Marian Diaz has three daughters, lives near the Nicoya cemetery and has been waiting for four years for her own house in the Don Mario project, a controversial social housing development announced in 2015 that is still in the initial stages of the process: it lacks environmental viability approval and has not yet been entered in the Housing Mortgage Bank (Banhvi in Spanish).
On Sunday, July 21, she and several other families met with the person in charge of the Chorotega Region for the Costa Rican government, Claudia Dobles, who explained to them that this is a private development and that the Executive Power cannot accelerate it until it enters Banhvi.
Both Dobles and the Minister of Housing, Irene Campos, affirmed that the housing project does exist, although they estimated that its construction phase might begin in a year and a half.
“Housing projects have several stages. There are approximately 15 milestones they have to go through. And the Don Mario project is in the fourth milestone,” explained Dobles in a later interview with The Voice of Guanacaste
The project promised to be a solution for 254 families. Since 2015, it has had the support of the municipal council, which had declared it to be “of public interest” and obtained a preliminary endorsement from the Ministry of Housing. As reported by The Voice of Guanacaste in June of that year, the land is located next to the Chorotega Stadium and the development concept is ecological and modern.
One of the development partners, Jesus Fernandez, confirmed that the project does not yet have the environmental viability approval of the National Environmental Technical Secretary (Setena), but he affirmed that they do have the plans approved by the Federated College of Engineers and Architects (CFIA), in addition to water and land use permits.
To obtain the environmental permits, they must first do an archaeological study of the property. “Our blueprints stage and all that is completed. What we have pending is to complete Setena because they got the museum involved. They planted pieces of pottery and called the museum,” he alleged in a telephone interview.
“On a teak or melina tree, which had already been burned, they dared to leave half of a pot of archaeological origin, placed on top. I don’t know who could come up with this,” lawyer Jose Antonio Aiza, who advises both the project and Mayor Marco Jimenez on legal issues, related during a session of the Nicoya Municipal Council.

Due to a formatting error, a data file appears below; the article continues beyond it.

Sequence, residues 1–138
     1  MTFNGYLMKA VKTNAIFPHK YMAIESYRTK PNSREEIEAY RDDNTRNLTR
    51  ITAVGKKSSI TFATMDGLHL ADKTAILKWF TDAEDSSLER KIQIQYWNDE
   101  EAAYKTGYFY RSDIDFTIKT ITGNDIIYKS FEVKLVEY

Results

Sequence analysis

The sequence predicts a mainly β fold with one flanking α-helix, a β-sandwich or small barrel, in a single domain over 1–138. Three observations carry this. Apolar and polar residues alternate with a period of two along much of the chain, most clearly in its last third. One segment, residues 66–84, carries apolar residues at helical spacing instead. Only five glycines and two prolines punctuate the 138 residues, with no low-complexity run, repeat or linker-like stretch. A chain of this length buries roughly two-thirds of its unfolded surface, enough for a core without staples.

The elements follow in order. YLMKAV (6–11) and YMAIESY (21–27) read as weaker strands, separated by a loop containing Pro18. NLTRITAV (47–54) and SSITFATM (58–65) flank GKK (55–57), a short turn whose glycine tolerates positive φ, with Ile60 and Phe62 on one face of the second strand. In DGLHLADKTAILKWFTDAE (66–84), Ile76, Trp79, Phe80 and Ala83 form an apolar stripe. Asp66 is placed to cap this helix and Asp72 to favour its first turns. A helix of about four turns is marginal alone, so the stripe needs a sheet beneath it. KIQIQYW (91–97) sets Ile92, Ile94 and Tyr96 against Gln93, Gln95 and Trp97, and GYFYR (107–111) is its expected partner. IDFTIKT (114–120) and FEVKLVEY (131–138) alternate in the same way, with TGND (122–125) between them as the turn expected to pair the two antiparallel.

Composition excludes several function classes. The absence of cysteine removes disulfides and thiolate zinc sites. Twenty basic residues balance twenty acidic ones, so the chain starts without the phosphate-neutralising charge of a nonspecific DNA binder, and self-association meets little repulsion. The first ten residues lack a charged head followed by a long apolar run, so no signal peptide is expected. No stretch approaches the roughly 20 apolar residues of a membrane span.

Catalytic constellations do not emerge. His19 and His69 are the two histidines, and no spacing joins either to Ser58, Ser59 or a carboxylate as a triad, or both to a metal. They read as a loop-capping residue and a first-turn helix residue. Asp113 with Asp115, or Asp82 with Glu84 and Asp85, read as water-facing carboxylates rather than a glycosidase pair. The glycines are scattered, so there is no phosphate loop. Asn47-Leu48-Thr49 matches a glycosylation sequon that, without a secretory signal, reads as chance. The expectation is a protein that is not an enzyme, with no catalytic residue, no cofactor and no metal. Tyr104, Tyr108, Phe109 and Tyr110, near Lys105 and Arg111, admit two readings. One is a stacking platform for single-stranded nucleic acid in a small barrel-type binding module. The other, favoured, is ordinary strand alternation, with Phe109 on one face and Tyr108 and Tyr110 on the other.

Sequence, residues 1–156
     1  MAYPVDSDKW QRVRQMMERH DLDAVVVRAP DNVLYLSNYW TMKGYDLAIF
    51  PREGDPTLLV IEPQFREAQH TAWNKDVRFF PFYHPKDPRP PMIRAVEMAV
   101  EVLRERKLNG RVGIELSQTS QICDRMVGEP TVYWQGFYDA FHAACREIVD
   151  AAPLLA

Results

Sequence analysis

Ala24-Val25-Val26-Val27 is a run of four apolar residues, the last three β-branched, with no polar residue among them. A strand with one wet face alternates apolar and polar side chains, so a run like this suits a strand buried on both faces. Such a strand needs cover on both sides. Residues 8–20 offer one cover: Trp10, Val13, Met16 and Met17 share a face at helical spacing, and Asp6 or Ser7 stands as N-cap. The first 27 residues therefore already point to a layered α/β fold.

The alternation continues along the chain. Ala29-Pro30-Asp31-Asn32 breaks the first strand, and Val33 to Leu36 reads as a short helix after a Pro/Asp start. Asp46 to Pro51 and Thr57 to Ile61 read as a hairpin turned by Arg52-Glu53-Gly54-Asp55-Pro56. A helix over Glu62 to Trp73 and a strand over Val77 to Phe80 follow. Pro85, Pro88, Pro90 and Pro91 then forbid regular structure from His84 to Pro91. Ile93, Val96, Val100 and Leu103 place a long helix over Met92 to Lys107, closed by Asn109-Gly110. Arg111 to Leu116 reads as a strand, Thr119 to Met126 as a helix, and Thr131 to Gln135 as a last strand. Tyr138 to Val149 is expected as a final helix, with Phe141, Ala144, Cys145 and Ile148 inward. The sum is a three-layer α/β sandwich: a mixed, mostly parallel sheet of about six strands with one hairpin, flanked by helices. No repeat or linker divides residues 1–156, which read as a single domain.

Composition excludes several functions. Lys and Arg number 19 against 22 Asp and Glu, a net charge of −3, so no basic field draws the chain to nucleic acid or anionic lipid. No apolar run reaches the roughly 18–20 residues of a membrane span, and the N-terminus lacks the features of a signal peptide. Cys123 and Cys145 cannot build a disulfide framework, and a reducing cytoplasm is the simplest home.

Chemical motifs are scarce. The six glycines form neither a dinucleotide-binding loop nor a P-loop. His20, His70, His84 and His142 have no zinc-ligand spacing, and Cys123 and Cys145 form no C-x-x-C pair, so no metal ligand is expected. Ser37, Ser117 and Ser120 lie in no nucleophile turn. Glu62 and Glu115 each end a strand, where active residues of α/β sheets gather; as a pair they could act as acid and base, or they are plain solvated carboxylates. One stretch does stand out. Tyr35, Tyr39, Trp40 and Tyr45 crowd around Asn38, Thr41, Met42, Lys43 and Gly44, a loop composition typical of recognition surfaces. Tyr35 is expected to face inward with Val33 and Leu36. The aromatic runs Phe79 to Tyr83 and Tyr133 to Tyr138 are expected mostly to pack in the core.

In the interview (available on the website www.vozdeguanacaste.com), Fernandez complained about how much money they have had to spend on the project. “We have spent more than ¢200 million (more than $330,000) between hydrological and water studies, and now the archeological study. I have a small property in Turrialba and I mortgaged it, for example,” he added.
In the meeting held by the first lady with the families interested in the project, there was a mix of everything: people who affirmed that they had paid amounts starting from ¢30,000 (about $50) to the developers, others who claimed that it was a scam and others complained that it was a political project.
To these allegations, Fernandez responds by saying that he has never charged for the paperwork.
“Families have not been charged one penny. Nobody has paid a penny for a surveyor, nobody has put anything down for plans, nobody has put anything down for studies. The bonus is free.”
Both Dobles and Campos, from the government, were emphatic that families do not have to pay anything before they are given housing.
And the List?
Another of the questions frequently asked by interested parties is whether they are included on the list of beneficiaries. Both Minister Campos and the developer said that the original list remains intact and will not change.
Of course, Campos explained that the beneficiaries must meet all the requirements at the time the house is given to them. The authorized entity will do a study to verify that their economic condition remains the same.
At that time, they might have to pay for some services, for example, the social worker who evaluates them, water and electricity meters and some other procedures.
Something that is very likely to change is the authorized entity, which is responsible for evaluating the project before passing it on to Banhvi. At this time, the Alajuela Mutual Group is the one that has the families’ files, but it won’t be for much longer.
According to Fernandez, they are evaluating switching to Banco Popular because it has an agency in Nicoya whereas the mutual group only has one headquarters in Liberia. However, he assured that this change of plans will not delay the process at all.
Rumors about this project have grown but so has the attention from the government and the municipality.
According to Dobles, Nicoyan Mayor Marco Jimenez had formally asked her about the progress of the project. “[We told them] that with great pleasure, once it entered Bahnvi, we were going to give it a fierce follow-up, seeing that it is such an important project for the community. But for now, we can’t even push it.”
Although the government is not involved in the project now, they have mentioned it every July 25 since 2015 as a solution for the town. For example, on July 25, 2018, President Carlos Alvarado said in his speech: “That project already has the approval of AyA, the Federated College of Engineers and Architects and the door is open for its construction: 244 housing solutions here in Nicoya.”
So how much longer? The families grow more anxious, but Fernandez is optimistic. Contrary to Minister Campos’ expectations, he hopes to break ground in about eight months.